Homework 28

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§ The undying immortal story of IOB and his patience in the BIBLIA VVLGATA VETERIS TESTAMENTI [150---1998] continues to inspire us and educate us in our Latin training:
  1. Your DICT. will help you to reverse the Latin forms in 'Veteris Testamenti'=
  2. How will you say in your own Latin: "We shall be helped (adiuvo,are) through the story of blessed (beatus,a,um) Iob and of his sufferings (dolor,oris-m.) against all (omnis,e) the adversities [adversitas,atis-f.] of our daily life, which will be considered (habeo, habere) small [parvus,a,um] after his experiences [experimentum,i-n.]":

A] "Iob dixit: 'Usquequo* affligitis animam meam et atteritis me +sermonibus+? En decies obiurgatis me et non erubescitis §opprimentes§ me. Nempe, etsi erravi, &mecum& erit error meus. Si vos contra me erigimini et arguitis me opprobriis meis$ saltem nunc intellegite quia** Deus non %aequo iudicio% afflixerit me et rete suo me cinxerit". [16,5-9].
VOCAB. usquequo=to what point-how far? +sermonibus+=with words. En=Behold! decies=ten-times. §opprimens,entis=oppressing. &mecum&=with me. opprobriis meis=with-by my insults,injuries. quia**=that. %aequo iudicio%=with just judgment. rete suo=with his net. TAKE 'afflixerit' as "afflixit" and take "cinxerit" as 'cinxit'[cingo].

  1. If the verbs are: "affligere" and "atterere", then you see here T.________.
  2. If the verbs here are: "intellegere=to understand" and "erigere=to raise-up" then what do you have to see in common in those two verb forms? Explain their functions here (or anywhere in Latin!):
    If you want to reverse those two forms you may have trouble with one of them because of a vowel variation in our ACTIVE TO PASSIVE TRICK: explain-illustrate:
  3. What will be the reversed for the expression here: "erit error meus" ??=
  4. Your own version of the monologue of poor Job:
  5. Take some of the verbs here and make your own short expressions:
    a) 'their soul was being afflicted always because-of his and my talk [sermo,onis-m.]
    b) 'you shalt-must understand the difficulties (difficultas,atis-f.) of the German (Germanicus,a,um) language-tongue, when (=cum+INDIC.) you will have overcome [vinco,ere,vici,victum] the impediments (impedimentum,i-n.) of noble (nobilis,e) Latin letters (littera,ae-f.)":
    c) 'Although [quamquam] I used to be afflicted, I shall never be afflicted now because-of my ignorance [ignorantia and ignoratio,onis] of the beautiful [pulcher,pulchra,pulchrum] arts (ars,artis-f. 20%)":

B] Iob: "Nonne militia est vita hominis super terram et sicut dies* mercennarii dies eius? Sicut servus desiderat umbram...sic et ego habui menses vacuos ct noctes laboriosas enumeravi mihi. Si dormiero, dicam: 'quando consurgam?'. Et rursum exspectabo vesperam et replebor doloribus+ usque crespusculum" [7,1-4]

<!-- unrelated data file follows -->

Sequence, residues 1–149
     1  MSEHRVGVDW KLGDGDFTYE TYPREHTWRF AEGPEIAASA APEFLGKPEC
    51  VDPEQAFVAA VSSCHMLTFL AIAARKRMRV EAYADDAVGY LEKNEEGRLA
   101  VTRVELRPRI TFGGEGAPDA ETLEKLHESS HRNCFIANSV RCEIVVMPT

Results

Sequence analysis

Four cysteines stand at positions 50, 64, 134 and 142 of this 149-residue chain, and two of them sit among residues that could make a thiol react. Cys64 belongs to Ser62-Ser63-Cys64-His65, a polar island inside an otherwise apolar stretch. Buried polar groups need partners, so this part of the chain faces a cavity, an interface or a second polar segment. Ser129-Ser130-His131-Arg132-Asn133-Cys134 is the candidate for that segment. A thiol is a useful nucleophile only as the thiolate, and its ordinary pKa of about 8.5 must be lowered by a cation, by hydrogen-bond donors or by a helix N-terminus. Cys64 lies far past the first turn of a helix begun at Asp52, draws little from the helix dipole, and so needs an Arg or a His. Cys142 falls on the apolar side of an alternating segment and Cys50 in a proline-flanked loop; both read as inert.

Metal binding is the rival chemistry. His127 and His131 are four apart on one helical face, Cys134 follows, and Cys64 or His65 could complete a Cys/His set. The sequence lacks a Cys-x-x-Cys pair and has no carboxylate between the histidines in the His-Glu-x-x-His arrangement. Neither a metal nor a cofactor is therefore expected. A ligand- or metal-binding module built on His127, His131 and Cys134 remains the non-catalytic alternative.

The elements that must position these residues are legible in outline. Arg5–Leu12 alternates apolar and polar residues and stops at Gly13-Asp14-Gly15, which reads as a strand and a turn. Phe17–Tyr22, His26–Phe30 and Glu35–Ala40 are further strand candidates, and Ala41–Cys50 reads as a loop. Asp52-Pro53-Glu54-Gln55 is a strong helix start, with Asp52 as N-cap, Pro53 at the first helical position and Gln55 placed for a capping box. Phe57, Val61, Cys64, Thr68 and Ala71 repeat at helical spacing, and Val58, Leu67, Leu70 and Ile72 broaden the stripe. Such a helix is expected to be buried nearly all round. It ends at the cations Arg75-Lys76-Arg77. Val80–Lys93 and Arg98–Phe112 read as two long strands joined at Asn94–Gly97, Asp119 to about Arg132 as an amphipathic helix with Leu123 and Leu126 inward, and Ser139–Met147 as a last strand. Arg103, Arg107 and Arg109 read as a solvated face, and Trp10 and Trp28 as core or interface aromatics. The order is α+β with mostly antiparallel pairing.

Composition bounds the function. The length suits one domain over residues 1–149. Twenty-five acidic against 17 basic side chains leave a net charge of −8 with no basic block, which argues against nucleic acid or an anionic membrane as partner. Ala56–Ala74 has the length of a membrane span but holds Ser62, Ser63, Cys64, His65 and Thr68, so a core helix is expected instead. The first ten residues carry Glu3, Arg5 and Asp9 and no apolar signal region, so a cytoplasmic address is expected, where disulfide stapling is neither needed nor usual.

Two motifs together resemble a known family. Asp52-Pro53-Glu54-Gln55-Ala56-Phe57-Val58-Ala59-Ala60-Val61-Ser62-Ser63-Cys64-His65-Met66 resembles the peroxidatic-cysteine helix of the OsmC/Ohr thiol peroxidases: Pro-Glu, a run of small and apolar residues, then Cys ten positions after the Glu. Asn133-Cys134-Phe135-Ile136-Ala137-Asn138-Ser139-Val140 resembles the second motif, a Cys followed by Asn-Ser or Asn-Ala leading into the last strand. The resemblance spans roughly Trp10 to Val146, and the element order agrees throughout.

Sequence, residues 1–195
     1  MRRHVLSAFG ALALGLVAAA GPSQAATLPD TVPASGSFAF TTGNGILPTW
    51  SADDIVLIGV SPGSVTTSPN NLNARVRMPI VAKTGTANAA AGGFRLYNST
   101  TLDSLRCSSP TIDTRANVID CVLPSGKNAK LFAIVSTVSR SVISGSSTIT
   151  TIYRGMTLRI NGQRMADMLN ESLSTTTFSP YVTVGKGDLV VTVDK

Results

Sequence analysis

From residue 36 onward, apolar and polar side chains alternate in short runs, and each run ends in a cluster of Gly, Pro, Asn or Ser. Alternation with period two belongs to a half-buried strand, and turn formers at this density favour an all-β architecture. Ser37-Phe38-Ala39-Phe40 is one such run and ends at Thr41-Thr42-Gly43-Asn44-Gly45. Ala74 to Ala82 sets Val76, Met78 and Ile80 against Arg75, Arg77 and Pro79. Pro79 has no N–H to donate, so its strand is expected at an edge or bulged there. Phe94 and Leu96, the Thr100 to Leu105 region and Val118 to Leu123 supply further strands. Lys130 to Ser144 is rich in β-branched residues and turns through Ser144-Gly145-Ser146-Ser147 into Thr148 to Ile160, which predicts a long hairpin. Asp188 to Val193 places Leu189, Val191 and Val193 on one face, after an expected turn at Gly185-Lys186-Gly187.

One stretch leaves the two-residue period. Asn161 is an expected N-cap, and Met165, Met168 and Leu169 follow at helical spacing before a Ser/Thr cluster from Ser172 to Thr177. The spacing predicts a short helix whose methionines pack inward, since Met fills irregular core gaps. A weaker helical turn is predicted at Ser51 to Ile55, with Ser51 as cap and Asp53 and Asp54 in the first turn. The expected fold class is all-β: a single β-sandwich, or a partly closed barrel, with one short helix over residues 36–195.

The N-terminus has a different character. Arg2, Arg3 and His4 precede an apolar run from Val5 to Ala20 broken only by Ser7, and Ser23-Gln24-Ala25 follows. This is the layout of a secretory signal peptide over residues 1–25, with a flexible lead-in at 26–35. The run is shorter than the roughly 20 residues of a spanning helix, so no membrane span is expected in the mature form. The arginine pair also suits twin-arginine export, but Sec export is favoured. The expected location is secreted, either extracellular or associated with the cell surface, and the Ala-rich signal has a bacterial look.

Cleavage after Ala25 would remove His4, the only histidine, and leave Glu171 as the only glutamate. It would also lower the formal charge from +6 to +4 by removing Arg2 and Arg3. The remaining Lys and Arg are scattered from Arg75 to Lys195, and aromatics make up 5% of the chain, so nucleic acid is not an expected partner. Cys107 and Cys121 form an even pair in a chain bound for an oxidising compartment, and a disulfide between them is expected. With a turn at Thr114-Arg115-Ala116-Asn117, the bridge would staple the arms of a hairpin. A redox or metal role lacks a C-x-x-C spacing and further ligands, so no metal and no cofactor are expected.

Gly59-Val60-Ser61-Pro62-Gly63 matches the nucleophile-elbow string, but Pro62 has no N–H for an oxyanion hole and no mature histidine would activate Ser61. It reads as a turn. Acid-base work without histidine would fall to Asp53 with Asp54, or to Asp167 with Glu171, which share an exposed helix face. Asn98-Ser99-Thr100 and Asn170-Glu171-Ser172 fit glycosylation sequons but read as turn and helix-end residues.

VOCAB. Nonne=is it not true that, surely. dies* HERE=days ( mercennarius,i-m.=mercenary, paid-soldier. doloribus+=with pains-sorrows. usque=until. mihi=for me.

  1. Why is the last line here a good example of our 'active to passive trick'? observe and explain:
  2. What is the natural meaning of the Latin word: 'eius' ?= ________ what is its derived secondary - although more common - meaning? ________
    What will always remain mysterious-ambiguous about that same word? ________ what can its reversed possibly be?=
  3. Just for your Latin VOCABULARY increases give us the difference in meanings between: -- "habui mensAS vacuAS"= ________ "habui mentES vacuAS" ________ "habui mensES vacuOS"= ________ [[There are a few others!!!]]
  4. If the reversed of that 'hominis' must be= ________ then the reversed of 'dormiero' must be:= ________.
  5. First give your own version of the Bible text:
    Then make some neat Latin passive expressions out of Job's words:
    -- "Empty months are being had (habeo,habere) around me and my children [liber,eri..] and laborious nights will be numbered [enumerare] after us":
    -- "Evening will be awaited [exspectare] among them and among their relatives [familia,aris-C.]

C] Eliphaz dixit: "Acquiesce igitur et habeto pacem: et per haec habebis fructus* optimos. Suscipe ex ore illius+ legem et pone sermones eius in corde tuo. Si $reversus fueris$ ad Omnipotentem, aedificaberis et longe facies iniquitatem a tabernaculo tuo" [22,21-23].
VOCAB. fructus* here:=object pl. [to be seen in class 35!]. illius+=eius. $reversus fueris$=you will have returned. longe=far, at a distance.

  1. Your class notes will tell you that there is something strange-exceptional in the Latin form here: "aedificabEris". Explain according to our system:
  2. What do you notice in the forms here: 'acquiesce' and 'habeto' for your students?? ________ What are their reversed forms?
  3. If the reversed of 'fueris' is _________, then the reversed of "aediftcaberis" must be:= ________.
  4. Your rendition of the neat text:

First Experience Latin - Fr. Reginald Foster

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